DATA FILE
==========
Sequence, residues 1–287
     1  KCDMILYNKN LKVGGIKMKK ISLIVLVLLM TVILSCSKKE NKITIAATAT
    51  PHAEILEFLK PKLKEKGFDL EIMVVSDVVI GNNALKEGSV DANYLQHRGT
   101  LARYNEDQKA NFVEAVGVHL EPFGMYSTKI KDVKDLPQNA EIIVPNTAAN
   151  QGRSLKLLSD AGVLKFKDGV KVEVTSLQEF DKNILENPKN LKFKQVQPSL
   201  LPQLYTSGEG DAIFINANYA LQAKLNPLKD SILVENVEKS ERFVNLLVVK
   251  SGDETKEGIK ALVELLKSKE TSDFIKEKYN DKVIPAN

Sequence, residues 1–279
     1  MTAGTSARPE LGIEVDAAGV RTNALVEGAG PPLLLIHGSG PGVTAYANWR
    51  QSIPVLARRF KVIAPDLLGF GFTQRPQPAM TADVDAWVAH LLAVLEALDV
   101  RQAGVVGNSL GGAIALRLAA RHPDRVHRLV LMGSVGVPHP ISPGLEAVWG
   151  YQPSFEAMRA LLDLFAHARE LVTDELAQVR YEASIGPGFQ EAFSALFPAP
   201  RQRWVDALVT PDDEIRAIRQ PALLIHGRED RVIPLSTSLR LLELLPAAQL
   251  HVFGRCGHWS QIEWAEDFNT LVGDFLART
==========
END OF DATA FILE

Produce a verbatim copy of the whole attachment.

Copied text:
Sequence, residues 1–287
     1  KCDMILYNKN LKVGGIKMKK ISLIVLVLLM TVILSCSKKE NKITIAATAT
    51  PHAEILEFLK PKLKEKGFDL EIMVVSDVVI GNNALKEGSV DANYLQHRGT
   101  LARYNEDQKA NFVEAVGVHL EPFGMYSTKI KDVKDLPQNA EIIVPNTAAN
   151  QGRSLKLLSD AGVLKFKDGV KVEVTSLQEF DKNILENPKN LKFKQVQPSL
   201  LPQLYTSGEG DAIFINANYA LQAKLNPLKD SILVENVEKS ERFVNLLVVK
   251  SGDETKEGIK ALVELLKSKE TSDFIKEKYN DKVIPAN

Sequence, residues 1–279
     1  MTAGTSARPE LGIEVDAAGV RTNALVEGAG PPLLLIHGSG PGVTAYANWR
    51  QSIPVLARRF KVIAPDLLGF GFTQRPQPAM TADVDAWVAH LLAVLEALDV
   101  RQAGVVGNSL GGAIALRLAA RHPDRVHRLV LMGSVGVPHP ISPGLEAVWG
   151  YQPSFEAMRA LLDLFAHARE LVTDELAQVR YEASIGPGFQ EAFSALFPAP
   201  RQRWVDALVT PDDEIRAIRQ PALLIHGRED RVIPLSTSLR LLELLPAAQL
   251  HVFGRCGHWS QIEWAEDFNT LVGDFLART